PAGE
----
Tracing the history
Within a year and half of commencement, the Constitution was amended.india Updated: Apr 13, 2006 13:02 IST
Never has the confrontation between legislature and the judiciary been as serious as in recent times. Whether it is Parliament's power of expelling tainted members exposed in the sting operations, the Supreme Court ruling dealing with minority educational institutions or Jharkhand, judicial intervention has often triggered confrontation with the legislature.
The problem manifested itself from the very beginning. Within a year and half of commencement, the Constitution was amended to nullify certain judicial decisions and forestall future judicial actions.
Matters came to a head over the judicial interpretation of the property clauses of the Constitution, which led to the enactment of the Constitution (Fourth Amendment) Act in 1955. Judiciary was severely criticised in Parliament on that count.
The fact that constitutional provisions allow Parliament to amend the Constitution, court's decision could be circumvented. Since the Constitution could be amended by a majority vote of two-thirds of the members present and voting and an absolute majority of the total membership in each House of Parliament, the ruling party could easily muster such majority. The court's decisions could not obstruct the reforms in the property rights.
In late sixties, the court became bolder, and it challenged Parliament's power to amend Constitution. This brought about a major confrontation between the judiciary and legislature.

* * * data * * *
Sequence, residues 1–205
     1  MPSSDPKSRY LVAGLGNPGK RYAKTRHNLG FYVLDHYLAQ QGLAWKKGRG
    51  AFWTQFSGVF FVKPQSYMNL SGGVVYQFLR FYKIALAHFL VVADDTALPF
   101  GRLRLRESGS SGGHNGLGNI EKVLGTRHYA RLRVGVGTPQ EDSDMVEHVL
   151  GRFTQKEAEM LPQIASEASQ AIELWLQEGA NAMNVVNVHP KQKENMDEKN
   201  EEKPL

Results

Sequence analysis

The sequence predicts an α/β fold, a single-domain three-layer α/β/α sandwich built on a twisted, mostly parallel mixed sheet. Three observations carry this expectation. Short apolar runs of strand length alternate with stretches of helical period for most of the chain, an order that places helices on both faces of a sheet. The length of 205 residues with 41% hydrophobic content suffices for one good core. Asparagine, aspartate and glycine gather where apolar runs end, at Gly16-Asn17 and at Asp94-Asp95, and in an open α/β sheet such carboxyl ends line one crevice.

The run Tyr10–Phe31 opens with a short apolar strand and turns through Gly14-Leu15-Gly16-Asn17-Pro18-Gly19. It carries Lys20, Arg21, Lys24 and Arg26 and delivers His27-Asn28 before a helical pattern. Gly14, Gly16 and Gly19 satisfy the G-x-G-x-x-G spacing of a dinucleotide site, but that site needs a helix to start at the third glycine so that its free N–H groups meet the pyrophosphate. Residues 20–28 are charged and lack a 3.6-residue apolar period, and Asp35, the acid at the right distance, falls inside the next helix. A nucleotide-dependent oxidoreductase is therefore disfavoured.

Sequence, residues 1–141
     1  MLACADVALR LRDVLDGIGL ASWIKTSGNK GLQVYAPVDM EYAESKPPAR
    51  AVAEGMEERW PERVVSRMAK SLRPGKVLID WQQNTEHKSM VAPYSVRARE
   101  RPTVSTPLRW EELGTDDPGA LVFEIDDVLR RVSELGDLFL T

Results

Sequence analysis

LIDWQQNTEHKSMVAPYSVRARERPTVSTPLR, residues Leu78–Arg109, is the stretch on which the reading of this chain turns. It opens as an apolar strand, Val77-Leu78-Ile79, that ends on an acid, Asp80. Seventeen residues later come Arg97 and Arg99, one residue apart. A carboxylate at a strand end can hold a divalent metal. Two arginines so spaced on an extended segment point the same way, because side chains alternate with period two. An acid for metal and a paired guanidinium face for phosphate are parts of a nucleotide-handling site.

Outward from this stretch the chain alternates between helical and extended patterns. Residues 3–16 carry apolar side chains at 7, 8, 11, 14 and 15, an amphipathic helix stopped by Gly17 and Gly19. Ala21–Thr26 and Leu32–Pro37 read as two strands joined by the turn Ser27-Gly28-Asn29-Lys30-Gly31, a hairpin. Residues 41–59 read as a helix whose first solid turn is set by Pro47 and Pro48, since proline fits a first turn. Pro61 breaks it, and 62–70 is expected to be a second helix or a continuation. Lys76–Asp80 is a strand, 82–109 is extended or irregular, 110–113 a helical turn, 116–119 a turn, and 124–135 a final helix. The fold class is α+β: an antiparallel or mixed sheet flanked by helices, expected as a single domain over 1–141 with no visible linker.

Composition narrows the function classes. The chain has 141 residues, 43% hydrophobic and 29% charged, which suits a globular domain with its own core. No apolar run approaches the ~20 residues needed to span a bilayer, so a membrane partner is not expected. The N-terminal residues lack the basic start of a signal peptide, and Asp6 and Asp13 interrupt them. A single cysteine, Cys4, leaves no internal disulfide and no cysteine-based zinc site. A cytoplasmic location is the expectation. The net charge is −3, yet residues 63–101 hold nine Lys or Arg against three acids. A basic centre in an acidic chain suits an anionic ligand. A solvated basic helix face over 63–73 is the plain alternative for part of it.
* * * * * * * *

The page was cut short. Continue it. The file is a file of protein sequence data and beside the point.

In 1967, the Supreme Court, by a thin majority of 6-5, held in Golaknath v. Punjab that Parliament could not amend Constitution to take away or abridge fundamental rights. This decision was severely criticised.
Parliament retaliated by passing the 24th amendment, which explicitly stated that the House was not limited in its power of constitutional amendment. When that amendment was challenged, the court, in its 13-bench verdict held in Kesavanand Bharati v. state of Kerala that although Parliament could amend every provisions of the Constitution, it could not alter the basic structure of the Constitution.
This decision seemed most unsustainable and contrary to the theory of judicial review. It established the supremacy of a non-elected body (read court) against the elected one (read Parliament).
However, during the emergency in 1975, the ruling Congress passed draconian amendments with the help of its comfortable majority and absence of any Opposition. As a result the limitation upon Parliament's power of constitutional amendment acquired legitimacy.
The Supreme Court struck down in Indira Gandhi v. Raj Narain a constitutional amendment, which sought to validate the election of the Prime Minister, earlier set aside by the Allahabad High Court on some technical ground, deemed destructive of the basic structure of the Constitution.
The post emergency period (1977-98) is known as the period of judicial activism because it was during this period that the court's jurisprudence blossomed with doctrinal creativity.